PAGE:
Basketball has never been the apple of Nebraska’s eye. According to two of my friends who are Nebraska natives, the state’s rooting interests are very defined:
- Nebraska Football
- Creighton Bluejays Basketball
- Nebraska Women’s Volleyball
- Nebraska Women’s Basketball
- The Bubonic Plague
- Nebraska Men’s Basketball
In the recent years, administrators at the University of Nebraska have made a concerted effort to make men’s basketball relevant. The movement coincided with the school’s shift to the Big Ten Conference — the university broke ground on its brand-new, 15,147-seat arena just three weeks before the Cornhuskers’ football team played their first conference game as members of the Big Ten — and as the team continued to struggle, it only seemed fitting that the team should have a new coach to open its new arena in a new league.
It was a pretty easy decision to fire coach Doc Sadler, who went 12-18 in Nebraska’s first year of Big Ten basketball. He managed to post a winning record in Lincoln (101-89) , but the majority of his victories came while Nebraska was in the Big 12 Conference. Even then, Sadler never won more than eight conference games in a season and never made the NCAA Tournament. The Huskers always seemed to fall a game or two short of the Big Dance; they were the classic “beat everyone you’re supposed to beat, and lose to everyone you’re supposed to lose to” team.
Enter Tim Miles.
Who is he? He’s the coach that will lead Nebraska back to the NCAA Tournament for the first time since 1998.
Miles has a lengthy history of turning around low-lying programs. He took over Southwestern Minnesota State in 1997 after the Mustangs went 13-14 prior to his arrival, went 16-11 in his first season and had SMSU in the Division II Elite Eight in his fourth season.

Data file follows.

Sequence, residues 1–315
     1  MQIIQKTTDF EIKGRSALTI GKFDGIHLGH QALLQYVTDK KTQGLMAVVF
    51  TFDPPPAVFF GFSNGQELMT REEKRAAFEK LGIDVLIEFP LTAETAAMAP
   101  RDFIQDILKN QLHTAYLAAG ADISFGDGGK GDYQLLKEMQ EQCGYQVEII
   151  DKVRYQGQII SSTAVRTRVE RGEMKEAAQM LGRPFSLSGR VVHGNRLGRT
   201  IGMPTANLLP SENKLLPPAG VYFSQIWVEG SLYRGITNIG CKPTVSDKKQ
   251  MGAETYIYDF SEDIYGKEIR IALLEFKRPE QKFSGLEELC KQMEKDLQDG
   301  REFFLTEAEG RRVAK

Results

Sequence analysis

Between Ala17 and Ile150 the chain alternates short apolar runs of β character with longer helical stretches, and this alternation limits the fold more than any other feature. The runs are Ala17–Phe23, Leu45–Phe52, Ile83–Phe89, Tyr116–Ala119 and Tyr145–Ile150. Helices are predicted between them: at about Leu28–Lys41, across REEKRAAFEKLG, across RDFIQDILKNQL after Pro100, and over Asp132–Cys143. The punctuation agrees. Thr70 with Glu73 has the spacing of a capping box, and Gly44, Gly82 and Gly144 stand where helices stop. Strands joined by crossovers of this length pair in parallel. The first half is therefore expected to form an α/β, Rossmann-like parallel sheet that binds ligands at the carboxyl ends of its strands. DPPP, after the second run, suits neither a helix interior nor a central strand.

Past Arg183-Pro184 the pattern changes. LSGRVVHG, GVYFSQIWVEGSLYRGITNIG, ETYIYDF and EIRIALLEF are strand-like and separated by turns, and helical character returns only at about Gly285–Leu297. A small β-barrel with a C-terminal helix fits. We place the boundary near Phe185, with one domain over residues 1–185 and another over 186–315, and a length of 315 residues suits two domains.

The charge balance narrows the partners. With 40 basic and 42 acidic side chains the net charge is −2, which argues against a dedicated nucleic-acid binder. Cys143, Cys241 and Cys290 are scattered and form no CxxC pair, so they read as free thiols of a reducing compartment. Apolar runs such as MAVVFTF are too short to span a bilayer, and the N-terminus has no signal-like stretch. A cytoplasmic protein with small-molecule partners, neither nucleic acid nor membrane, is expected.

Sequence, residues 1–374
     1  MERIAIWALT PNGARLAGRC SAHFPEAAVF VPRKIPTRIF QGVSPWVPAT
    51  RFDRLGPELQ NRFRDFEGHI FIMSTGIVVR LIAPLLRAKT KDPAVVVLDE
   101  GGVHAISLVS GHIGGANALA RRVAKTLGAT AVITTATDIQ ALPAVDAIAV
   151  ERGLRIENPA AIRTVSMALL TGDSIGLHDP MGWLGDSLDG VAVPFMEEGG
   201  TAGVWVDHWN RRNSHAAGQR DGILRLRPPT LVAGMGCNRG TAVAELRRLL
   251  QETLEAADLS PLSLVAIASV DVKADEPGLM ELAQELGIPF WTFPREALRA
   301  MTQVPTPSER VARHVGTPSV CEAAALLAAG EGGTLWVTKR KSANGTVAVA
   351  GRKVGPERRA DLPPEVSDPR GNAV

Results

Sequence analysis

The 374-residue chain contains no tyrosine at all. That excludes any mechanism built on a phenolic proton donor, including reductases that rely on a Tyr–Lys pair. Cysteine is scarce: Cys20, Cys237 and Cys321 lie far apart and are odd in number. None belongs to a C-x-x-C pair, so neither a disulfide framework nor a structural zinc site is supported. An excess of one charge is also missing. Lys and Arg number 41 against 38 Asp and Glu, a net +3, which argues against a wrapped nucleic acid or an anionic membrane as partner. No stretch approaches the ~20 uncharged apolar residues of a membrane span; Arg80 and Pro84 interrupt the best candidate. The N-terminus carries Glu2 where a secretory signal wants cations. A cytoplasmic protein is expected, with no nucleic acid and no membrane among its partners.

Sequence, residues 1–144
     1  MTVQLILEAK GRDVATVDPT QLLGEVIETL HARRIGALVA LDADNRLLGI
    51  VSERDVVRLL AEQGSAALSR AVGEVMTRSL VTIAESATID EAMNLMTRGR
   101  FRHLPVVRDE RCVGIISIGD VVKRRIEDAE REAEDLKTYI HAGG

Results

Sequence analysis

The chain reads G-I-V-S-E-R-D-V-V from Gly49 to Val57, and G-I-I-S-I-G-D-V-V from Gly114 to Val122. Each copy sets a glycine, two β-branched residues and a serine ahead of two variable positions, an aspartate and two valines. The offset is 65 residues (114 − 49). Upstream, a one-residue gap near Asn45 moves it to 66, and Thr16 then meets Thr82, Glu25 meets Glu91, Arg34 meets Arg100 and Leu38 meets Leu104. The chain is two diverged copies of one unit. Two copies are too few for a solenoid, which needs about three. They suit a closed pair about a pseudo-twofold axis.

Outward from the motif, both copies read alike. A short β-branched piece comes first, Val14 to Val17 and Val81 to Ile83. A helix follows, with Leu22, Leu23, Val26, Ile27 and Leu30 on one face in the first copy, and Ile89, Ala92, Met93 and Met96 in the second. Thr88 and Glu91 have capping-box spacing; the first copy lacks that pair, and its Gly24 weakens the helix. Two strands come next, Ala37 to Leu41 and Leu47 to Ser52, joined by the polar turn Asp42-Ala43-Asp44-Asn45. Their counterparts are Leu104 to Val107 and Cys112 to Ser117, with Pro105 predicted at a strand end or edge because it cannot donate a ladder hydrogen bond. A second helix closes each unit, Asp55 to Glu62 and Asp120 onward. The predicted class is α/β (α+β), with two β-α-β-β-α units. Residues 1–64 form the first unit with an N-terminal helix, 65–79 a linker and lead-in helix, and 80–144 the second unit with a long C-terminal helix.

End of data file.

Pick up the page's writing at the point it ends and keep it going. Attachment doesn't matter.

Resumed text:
From there, he was hired in 2001 to coach the North Dakota State Bison as they transitioned from Division II to Division I for basketball. After a transition year, he posted a winning record in each of the next five seasons — during that time he beat the No. 12 Wisconsin Badgers in Madison and the No. 8 Marquette Golden Eagles in Milwaukee — and a year after he left NDSU, the Bison made the NCAA Tournament with a team full of players he recruited and developed.
The Colorado State Rams were able to pry Miles away from North Dakota State in 2007, and Miles worked his usual magic despite inheriting a roster with just two returning players. The first two years in Fort Collins were predictably messy — Miles played guys that made the team through an open tryout — but CSU finished 16-16 in year three and made the NIT in year four under Miles. Then, while Doc Sadler was on his final legs in Lincoln, Miles led Colorado State — which hadn’t been to the Big Dance since 2003 — to the 2012 NCAA Tournament.
It’s clear that Tim Miles is a quality coach who knows how to build basketball programs into winners. Miles, 47, has finally made it to a power conference school and is on record stating that he would like to end his career at Nebraska. He has already begun turning the program around. Nebraska went 15-18 last season and beat both NCAA Tournament participant Minnesota and NIT Runner-up Iowa; this year the Huskers finished non-conference play 8-4 and beat 2012 tournament members Florida Gulf Coast and Miami in Lincoln.
Judging by Tim Miles’ track record, it will likely be at least another year or two before Nebraska truly threatens to make the NCAA Tournament. Nebraska has built a basketball Field of Dreams, and with Tim Miles coaching the Cornhuskers, the wins will come.